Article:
HMRC Employee on Sick Leave Harassed With Multiple Emails and a Birthday Card Wins Tribunal Case

In Ms Toure v Commissioners for His Majesty’s Revenue and Customs, an HMRC employee on sick leave has won her employment tribunal case. Her successful claims included harassment related to race and disability, victimisation, and discrimination arising from disability. Read on as we explore the unwanted conduct that transpired and the tribunal’s decision.

If you have faced harassment, victimisation or discrimination at work, please don’t hesitate to contact us. Redmans Solicitors are employment law specialists, and with our years of experience, we can answer your legal queries. If you have an eligible case, we could also help you navigate the legal process.

To begin:

The Facts in Ms Toure v Commissioners for His Majesty’s Revenue and Customs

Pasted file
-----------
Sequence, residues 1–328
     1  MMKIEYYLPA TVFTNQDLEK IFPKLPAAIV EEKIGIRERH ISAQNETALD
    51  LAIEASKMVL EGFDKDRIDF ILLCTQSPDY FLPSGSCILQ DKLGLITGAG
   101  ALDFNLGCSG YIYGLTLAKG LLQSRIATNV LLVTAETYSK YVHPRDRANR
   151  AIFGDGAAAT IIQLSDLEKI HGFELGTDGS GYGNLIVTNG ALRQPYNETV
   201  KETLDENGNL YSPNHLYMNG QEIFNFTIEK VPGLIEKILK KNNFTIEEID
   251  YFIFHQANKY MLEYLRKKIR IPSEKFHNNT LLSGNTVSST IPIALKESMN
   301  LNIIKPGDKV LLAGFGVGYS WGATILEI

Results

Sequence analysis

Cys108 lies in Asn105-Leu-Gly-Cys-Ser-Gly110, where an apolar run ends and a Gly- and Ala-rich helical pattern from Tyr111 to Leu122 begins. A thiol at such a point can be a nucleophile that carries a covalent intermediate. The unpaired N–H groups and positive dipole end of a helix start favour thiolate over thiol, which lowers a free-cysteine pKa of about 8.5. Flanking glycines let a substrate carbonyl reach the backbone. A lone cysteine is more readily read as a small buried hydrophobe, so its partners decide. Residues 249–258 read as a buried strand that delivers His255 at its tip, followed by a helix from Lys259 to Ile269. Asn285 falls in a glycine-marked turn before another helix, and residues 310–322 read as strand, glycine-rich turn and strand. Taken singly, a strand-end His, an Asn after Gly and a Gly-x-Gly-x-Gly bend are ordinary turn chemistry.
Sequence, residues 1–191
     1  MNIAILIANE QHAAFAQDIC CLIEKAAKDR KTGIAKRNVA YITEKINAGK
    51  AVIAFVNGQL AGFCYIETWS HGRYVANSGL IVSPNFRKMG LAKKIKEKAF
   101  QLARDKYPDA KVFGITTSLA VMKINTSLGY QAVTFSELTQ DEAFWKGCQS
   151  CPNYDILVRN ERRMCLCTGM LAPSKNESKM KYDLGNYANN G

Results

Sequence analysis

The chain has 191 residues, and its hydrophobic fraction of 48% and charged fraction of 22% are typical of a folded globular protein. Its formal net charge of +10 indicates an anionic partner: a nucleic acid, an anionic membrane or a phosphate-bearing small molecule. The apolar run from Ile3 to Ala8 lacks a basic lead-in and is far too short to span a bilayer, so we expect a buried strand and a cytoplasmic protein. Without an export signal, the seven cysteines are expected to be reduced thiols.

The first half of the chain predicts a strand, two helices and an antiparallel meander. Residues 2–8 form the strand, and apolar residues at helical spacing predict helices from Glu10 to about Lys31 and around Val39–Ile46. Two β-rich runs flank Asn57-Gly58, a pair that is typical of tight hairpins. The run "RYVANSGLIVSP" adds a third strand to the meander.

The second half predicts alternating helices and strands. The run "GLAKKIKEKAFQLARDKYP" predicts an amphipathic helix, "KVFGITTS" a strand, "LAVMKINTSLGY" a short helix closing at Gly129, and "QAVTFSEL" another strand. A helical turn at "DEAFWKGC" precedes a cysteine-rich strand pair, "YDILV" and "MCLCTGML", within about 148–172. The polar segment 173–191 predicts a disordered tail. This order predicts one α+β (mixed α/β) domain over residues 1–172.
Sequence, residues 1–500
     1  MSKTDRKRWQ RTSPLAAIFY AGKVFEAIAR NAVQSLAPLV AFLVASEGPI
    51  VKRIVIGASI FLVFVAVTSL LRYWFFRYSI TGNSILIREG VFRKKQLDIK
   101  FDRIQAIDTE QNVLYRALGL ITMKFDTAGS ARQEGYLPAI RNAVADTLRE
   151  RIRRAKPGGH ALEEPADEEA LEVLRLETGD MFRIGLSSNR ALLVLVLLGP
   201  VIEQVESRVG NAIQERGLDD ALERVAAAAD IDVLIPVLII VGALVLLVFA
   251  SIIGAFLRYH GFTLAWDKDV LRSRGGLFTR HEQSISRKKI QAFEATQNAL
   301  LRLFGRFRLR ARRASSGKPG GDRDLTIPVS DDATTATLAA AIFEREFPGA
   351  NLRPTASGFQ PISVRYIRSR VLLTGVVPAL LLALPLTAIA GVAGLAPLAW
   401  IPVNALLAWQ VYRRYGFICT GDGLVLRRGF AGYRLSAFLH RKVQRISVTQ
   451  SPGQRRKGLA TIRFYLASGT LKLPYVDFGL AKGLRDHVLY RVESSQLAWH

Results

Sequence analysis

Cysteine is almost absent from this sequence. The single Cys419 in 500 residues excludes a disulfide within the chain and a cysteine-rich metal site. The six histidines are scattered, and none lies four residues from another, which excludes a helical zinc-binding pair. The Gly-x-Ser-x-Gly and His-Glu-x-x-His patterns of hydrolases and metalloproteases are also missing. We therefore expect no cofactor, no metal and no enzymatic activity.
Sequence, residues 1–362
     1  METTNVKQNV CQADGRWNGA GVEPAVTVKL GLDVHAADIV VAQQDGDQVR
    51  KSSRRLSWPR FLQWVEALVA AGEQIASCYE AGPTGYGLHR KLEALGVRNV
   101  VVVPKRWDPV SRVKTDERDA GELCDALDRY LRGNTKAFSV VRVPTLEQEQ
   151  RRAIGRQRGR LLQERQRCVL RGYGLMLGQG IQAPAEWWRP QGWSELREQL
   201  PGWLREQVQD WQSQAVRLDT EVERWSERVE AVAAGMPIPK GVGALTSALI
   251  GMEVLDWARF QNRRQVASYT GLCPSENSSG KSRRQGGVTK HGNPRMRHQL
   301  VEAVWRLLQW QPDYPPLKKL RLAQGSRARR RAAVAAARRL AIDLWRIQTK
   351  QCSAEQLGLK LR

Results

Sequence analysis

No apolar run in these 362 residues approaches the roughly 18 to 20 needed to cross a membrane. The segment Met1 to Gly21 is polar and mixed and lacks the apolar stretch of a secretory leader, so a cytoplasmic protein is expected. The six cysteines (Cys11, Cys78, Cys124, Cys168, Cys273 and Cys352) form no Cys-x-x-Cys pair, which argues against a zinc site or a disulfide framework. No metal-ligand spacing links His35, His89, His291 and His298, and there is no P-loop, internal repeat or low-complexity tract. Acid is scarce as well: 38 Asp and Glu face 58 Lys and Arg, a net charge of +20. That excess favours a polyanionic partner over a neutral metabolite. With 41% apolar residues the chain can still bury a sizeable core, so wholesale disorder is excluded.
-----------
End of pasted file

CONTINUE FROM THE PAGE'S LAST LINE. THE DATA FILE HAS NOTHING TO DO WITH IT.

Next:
Background of HMRC Employee on Sick Leave

Ms Toure (“The Claimant”) began her employment as a customer service consultant for His Majesty’s Revenue and Customs (“The Respondent”) on 14 October 2019. She is a French national of African origin and a practising Muslim. Under the Equality Act 2010, she is considered disabled due to her asthma and a pituitary gland tumour.

During her first week of employment, the claimant attended a training session on telephone call handling. During this session, the trainer asked why people can sometimes be difficult to understand on the phone. A colleague, Mr Alam, responded, “pronunciation and accent” while pointing at her.

Then, on 12 December, the claimant told another colleague, Mrs Tselika-Scott, that Mr Alam had been mocking her accent. Mrs Tselika-Scott also disclosed that Mr Alam remarked, “It’s a good thing that you don’t look like one”, after learning she was Nigerian.